Lower Cretaceous tight reservoir permeability modeling

This project is integrated in the LOCRETA consortium, which is a part of “Tight Reservoir Development” (TRD) program sponsored by the Danish Hydrocarbon Research and Technology Center (DHRTC)

To date most of the Danish oil and gas has been produced from Upper Cretaceous and Paleogene chalk reservoirs. Chalk is in international context considered tight, although it typically has high porosity and production from induced fractures has been successful. However, to accommodate the increasing demand for hydrocarbons, extraction of petroleum from still more unfavorable reservoirs like the tight, low porosity low permeability mixed sediment formations in the Lower Cretaceous is needed.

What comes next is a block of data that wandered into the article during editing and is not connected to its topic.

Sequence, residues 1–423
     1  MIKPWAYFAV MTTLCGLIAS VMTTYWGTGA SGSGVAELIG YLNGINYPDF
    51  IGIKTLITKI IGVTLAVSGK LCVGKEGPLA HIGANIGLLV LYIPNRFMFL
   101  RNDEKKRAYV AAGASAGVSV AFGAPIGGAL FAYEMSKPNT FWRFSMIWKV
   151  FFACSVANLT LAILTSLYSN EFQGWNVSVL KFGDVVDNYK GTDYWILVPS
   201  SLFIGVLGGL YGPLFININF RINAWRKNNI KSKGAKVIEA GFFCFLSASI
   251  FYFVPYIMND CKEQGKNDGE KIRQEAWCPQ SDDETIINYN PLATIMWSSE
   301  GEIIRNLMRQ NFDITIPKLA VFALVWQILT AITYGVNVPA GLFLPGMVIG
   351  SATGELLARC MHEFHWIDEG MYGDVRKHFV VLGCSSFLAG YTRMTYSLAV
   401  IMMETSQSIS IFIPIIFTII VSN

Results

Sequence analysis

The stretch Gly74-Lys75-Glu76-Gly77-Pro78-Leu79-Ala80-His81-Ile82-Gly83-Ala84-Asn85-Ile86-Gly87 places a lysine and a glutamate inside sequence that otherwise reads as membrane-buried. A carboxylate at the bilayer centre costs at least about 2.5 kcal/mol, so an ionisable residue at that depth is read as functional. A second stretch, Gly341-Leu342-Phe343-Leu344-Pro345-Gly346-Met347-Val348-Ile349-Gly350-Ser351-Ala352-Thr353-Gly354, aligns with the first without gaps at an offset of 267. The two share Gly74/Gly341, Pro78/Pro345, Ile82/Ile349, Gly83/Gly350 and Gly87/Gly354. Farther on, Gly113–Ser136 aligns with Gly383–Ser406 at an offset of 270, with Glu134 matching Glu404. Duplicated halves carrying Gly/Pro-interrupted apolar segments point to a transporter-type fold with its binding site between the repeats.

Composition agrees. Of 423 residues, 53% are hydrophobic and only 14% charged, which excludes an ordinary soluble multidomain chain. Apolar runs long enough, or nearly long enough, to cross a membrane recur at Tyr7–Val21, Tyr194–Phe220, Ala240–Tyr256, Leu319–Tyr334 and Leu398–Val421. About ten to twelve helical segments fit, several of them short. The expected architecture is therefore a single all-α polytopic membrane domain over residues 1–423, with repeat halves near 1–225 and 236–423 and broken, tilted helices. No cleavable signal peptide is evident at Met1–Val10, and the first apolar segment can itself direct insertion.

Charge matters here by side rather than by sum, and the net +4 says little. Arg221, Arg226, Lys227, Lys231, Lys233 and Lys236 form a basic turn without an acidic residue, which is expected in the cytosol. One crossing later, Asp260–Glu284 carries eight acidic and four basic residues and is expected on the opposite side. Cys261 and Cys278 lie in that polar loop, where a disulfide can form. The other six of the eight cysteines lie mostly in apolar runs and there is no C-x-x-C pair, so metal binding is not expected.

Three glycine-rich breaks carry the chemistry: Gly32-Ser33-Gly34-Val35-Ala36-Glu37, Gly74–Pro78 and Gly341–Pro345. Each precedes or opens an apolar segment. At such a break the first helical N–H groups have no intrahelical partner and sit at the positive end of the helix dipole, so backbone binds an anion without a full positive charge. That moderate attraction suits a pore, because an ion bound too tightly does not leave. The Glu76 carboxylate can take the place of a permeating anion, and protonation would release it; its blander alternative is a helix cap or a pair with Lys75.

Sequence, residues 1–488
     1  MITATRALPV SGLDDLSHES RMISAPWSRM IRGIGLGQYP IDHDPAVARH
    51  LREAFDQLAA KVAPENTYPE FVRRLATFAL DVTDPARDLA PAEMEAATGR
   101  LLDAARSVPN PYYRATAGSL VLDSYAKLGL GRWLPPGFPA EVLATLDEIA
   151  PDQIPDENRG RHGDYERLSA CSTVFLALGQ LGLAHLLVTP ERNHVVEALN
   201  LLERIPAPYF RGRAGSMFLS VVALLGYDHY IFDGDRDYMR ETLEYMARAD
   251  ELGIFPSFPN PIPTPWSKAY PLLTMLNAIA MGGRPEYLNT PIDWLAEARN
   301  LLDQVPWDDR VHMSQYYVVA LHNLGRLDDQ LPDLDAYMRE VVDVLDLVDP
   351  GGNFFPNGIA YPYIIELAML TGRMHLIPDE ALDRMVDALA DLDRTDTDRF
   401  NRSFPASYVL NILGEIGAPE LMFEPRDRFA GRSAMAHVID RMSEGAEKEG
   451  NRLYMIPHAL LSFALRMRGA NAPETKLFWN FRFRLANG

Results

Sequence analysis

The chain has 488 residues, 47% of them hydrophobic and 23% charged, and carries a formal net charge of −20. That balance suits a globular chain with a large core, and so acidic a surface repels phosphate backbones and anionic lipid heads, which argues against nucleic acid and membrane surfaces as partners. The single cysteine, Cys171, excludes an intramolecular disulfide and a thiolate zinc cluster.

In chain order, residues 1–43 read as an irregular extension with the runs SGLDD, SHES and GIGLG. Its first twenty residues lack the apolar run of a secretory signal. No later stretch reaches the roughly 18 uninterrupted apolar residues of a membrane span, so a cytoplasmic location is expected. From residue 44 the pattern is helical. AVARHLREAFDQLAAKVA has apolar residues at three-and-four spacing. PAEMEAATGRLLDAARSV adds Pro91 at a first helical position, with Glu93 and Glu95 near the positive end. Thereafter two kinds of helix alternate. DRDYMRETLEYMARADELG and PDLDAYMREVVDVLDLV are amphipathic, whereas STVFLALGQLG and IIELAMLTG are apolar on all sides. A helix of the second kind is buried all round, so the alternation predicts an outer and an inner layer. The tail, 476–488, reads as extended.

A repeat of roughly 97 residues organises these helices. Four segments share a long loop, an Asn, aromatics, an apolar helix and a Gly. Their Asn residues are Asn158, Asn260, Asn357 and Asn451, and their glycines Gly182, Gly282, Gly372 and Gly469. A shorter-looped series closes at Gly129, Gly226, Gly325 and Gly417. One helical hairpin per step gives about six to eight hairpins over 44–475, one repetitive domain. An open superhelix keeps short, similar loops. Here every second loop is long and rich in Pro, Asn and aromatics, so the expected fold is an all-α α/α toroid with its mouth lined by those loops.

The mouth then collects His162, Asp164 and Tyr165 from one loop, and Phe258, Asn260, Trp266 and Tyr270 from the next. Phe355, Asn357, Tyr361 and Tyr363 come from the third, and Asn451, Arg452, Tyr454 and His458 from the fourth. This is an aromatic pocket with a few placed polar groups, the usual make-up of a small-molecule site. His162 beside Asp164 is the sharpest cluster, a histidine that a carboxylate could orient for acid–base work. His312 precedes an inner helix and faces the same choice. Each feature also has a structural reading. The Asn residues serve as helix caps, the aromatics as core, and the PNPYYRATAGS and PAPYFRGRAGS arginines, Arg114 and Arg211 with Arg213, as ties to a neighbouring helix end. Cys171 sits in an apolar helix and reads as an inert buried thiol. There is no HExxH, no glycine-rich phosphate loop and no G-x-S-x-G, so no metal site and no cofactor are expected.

In contrast to the Upper Cretaceous, during deposition the Lower Cretaceous sediment experienced a much greater influx of clay and silica, varying over time creating alternating layers of chalk, marly chalk and organic rich marlstone. The presence of these additional minerals attributes to a lower reservoir quality, lower permeability, lower porosity and an overall more challenging reservoir to model and produce.

The project includes the development of both a petrophysical permeability model and a rock physical elasticity model of the Lower Cretaceous reservoirs using existing petrophysical log and conventional core data combined with advanced experimental core analysis data taking into account the varying mineralogy distributions.



Ida Lykke Fabricius
Professor, head of section
DTU Sustain
+45 45 25 21 62